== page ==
Movie Review: The Ghost Writer
Tony Blair, a war criminal?
That’s what Roman Polanski’s new film, “The Ghost Writer,” would have us believe. Polanski makes no attempt at subtlety as he tries to connect Blair with his fictional prime minister, Adam Lang (Pierce Brosnan). In the film, Lang is the handsome, charming, popular, recently retired British prime minister. Like Blair, who tried his hand at being a music producer before entering politics, Lang has started out as an actor. And like Blair, Lang is responsible for bring Great Britain into the Middle East war. Like Blair, Lang is married to a dark-haired, politically savvy beauty (Olivia Williams), and like many politicians, (though not necessarily Blair) it is hinted that Lang is romantically involved with his assistant (Kim Cattrall).
As the film opens, a body washes up on the shore of a Massachusetts island (Martha’s Vineyard–an allusion to the Bush compound?), suggesting a murder has occurred. The body turns out to belong to Lang’s ghostwriter, suggesting Lang is connected. Lang arrives at Martha’s Vineyard that night aboard a private jet emblazoned with the corporate name, “Hatherton,” a thinly veiled reference to Halliburton, suggesting corruption. And if the audience still doesn’t quite get it, Lang’s former cabinet minister, Robert Rycart (Robert Pugh), accuses Lang on CNN of acquiescing to waterboarding in Iraq. By the following day, an international court in The Hague has formally charged Lang as a war criminal. Yes, war criminal.
Politics aside, the film is an entertaining, though somewhat predictable, intellectual thriller. When a new ghostwriter (Ewan McGregor) is hired to revise Lang’s memoirs, he is immediately attacked by mysterious assailants who steal what appears to be Lang’s manuscript. Later, he finds clues and discrepancies left behind by the dead ghostwriter. McGregor is excellent as the unnamed Ghost, injecting humor as well as suspense into the story. Fittingly, the Ghost’s name is never revealed–fitting because everyone knows that public figures use speechwriters and ghostwriters to put their policies into words, but seldom are those writers given credit. Lang calls the writer “Man,” and he calls himself, with boyish self deprecation, “the Ghost.”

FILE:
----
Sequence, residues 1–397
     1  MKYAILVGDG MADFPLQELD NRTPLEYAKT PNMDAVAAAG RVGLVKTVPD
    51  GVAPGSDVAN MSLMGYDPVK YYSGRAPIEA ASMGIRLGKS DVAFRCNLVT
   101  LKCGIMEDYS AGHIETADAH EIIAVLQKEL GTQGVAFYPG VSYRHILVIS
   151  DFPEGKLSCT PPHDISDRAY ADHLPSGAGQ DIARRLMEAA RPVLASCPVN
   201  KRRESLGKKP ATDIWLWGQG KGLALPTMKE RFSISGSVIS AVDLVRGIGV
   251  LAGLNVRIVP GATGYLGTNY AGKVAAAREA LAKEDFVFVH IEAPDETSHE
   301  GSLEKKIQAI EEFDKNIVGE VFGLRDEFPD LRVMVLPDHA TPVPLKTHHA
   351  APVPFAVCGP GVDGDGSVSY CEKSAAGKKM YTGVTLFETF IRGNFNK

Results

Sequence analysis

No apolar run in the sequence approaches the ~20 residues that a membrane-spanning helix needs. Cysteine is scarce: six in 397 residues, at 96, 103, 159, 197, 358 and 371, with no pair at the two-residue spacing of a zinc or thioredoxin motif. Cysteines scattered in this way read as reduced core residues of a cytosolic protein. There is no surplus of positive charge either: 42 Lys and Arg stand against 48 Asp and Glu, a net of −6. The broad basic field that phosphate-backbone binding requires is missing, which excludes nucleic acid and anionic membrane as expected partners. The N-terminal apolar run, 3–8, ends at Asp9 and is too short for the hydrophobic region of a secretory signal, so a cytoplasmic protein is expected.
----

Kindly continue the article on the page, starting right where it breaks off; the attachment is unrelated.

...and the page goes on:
The film is awash with atmosphere. The Vineyard home where they work on the memoirs looks more like a bunker than a beach house– dark, gloomy, and isolated. The Ghost writes in an office with a floor-to-ceiling window overlooking wind-swept dunes, where throughout the day servants stridently but unsuccessfully try to sweep up the mess of leaves that constantly blows onto the patio — perhaps a metaphor for the implied cover up of crime?
Supporting actors also add to the atmosphere, many of them almost cartoonish in the way they are presented. Watch for a bald and bloated Jim Belushi as the cigar-chomping publisher John Maddox, and a toothy, rat-faced Eli Wallach as the eccentric neighbor on the beach.
But politics really can’t be set aside, especially when a film casts such a snide, insidious, and deliberate attack on a person of Tony Blair’s caliber. Moreover, waterboarding hardly qualifies as a war crime. As an interrogation device it has been one of the most effective and one of the most humane. The sensation of drowning induces panic and fear of death, but no actual injury or permanent damage occurs. It’s unpleasant, to be sure, and it shouldn’t be used indiscriminately.
But horrifying, criminal torture? I don’t think so. In fact, several journalists have subjected themselves willingly to waterboarding, in order to report on its effect. I haven’t seen many journalists willingly submit to traditional torture techniques like electric shock, beating, or having their fingers cut off. If I were wrongfully accused and interrogated for a crime, I would rather it be by a method like this than by beating or cutting.
Unfortunately, if I were indeed a war criminal, rightfully accused of terrorism, the publicity surrounding waterboarding would probably give me the courage to persevere, since I now know that my interrogators aren’t really going to let me drown. Consequently, the effectiveness of waterboarding is drying up, thanks to the publicity and attention given to it by folks like the self-righteous Roman Polanski.
Speaking of criminals….